According to Talladega City Schools Superintendent Doug Campbell, school will stay out through Monday. But after the announcement of early dismissal came out Tuesday, “we were able to get everybody home safely,” he said. “All of the buses made it back safely to the bus barn after that. I want to commend all our staff for a job well done, and for clearing each hurdle as the events unfolded. Everything worked well and everyone got home safe.”
City Manager Brian Muenger said he was also “very satisfied with the city employees. They took a situation that could be difficult to deal with, but they handled everything.”
The city of Talladega did not open any warming shelters this time, Muenger said. “We really had very few people stranded, and the ones we did have we were able to place in local motels. With the local motorists, we were able to transport them back to where they needed to be. We didn’t have any power outages in town, so it seemed like it would actually be safer not to open the shelter.”
The city has mutual aid agreements in place with the Red Cross and the Talladega County Emergency Management Agency, and at least one local church was on standby through the worst of the storm, he added.
Talladega’s investment in a sand spreader also paid off this week.
“Our crews did a great job putting the sand out and getting it where it needed to be. We’re expecting the last of the major ice will be melted off by tomorrow, although I understand Jackson Trace Road was probably the most problematic, and there were still some rough patches there.”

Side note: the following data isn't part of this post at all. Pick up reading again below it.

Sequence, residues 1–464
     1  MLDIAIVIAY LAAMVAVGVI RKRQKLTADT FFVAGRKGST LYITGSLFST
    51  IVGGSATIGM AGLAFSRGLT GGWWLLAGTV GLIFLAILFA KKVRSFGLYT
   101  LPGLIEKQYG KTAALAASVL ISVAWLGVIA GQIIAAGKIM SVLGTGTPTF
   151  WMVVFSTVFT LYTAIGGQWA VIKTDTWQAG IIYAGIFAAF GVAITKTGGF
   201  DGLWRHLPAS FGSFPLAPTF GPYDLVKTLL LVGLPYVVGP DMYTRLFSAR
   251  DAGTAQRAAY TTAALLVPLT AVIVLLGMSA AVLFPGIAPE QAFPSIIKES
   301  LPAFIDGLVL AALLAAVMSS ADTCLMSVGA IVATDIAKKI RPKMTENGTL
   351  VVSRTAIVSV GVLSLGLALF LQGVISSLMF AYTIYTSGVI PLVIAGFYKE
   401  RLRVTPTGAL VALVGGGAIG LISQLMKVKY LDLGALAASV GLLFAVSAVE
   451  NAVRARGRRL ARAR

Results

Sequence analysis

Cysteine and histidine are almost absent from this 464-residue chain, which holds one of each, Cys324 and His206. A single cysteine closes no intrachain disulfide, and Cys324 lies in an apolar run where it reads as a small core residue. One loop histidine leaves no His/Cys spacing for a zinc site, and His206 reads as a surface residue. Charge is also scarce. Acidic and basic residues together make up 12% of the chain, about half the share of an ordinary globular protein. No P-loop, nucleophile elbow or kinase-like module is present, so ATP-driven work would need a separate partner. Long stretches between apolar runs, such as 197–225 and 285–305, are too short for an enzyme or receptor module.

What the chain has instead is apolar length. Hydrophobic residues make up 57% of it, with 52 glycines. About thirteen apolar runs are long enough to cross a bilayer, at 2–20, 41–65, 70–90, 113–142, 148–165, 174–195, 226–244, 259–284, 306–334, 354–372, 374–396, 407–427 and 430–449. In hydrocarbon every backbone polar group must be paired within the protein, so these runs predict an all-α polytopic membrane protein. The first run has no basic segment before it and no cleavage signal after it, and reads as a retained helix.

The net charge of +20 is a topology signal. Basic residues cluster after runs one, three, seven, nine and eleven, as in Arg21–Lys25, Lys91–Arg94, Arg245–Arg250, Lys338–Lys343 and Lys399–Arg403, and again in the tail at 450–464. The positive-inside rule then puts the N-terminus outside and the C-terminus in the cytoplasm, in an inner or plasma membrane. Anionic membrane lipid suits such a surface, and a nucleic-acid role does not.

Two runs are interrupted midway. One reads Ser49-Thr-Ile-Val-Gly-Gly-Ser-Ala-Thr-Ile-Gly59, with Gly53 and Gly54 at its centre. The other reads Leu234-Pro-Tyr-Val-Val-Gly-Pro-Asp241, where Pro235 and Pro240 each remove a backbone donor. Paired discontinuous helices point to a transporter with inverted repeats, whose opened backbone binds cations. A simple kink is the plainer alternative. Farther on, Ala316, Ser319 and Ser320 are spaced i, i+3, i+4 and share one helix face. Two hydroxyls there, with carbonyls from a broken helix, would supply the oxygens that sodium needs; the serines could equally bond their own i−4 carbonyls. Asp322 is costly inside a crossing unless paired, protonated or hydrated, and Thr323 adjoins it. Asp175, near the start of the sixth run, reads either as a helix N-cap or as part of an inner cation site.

After being closed early on Tuesday and all day Wednesday, city offices reopened at noon Thursday, and will resume regular hours today (Friday).
Garbage pickup will also resume on Friday.
Talladega Police Chief Jason Busby said Thursday that it was still too early to say how many traffic accidents had been worked since the snow started falling, especially since some were still being worked.
The fire department’s run summary for the week showed three traffic accidents without injury, but that was because “they stopped calling us for wrecks where no one was hurt, because we were taking so many other calls,” according to Captain Larry Vincent.
From Thursday to Thursday, the Talladega Fire Department responded to a total of 31 calls. Of these, 17 came in after the snow started falling Tuesday afternoon, including an accident involving minor injuries on Broadway Ave. Jan. 30.
Other calls during the emergency included an alarm call on North Street East, cancelled calls to Alabama 77, Alabama 21 at the Bypass, Nottingham Road, New Lincoln Road and Brecon Mobile Home Park; and two building fires at 108 Rosa Street. Vincent said the house was more or less destroyed after the first fire, and that the wood under the eaves rekindled later in the evening.
There were also public service calls on East Street South and Black Snake Road, a sprinkler activation and alarm call at the county Health Department and an alarm call on Ave. H.
Before the storm, firefighters responded to a structure fire on Elbert Davis Street which damaged one room; a shed fire on Hendricks Street; a cooking fire on Stemley Bridge Road, a building fire on Nimitz Ave., a trash fire on Stemley Bridge Road, a gas leak on Dogwood Circle, a grass fire on Draper Road and a grass fire on Landmark Road.
There was also a false alarm on Stemley Bridge Road, a vehicle fire on East Street South, a woods fire on Cheatwood Road, an authorized burn on Mountain View Road, smoke on Baker Street and a grass fire on Dye Road.
Contact Chris Norwood at firstname.lastname@example.org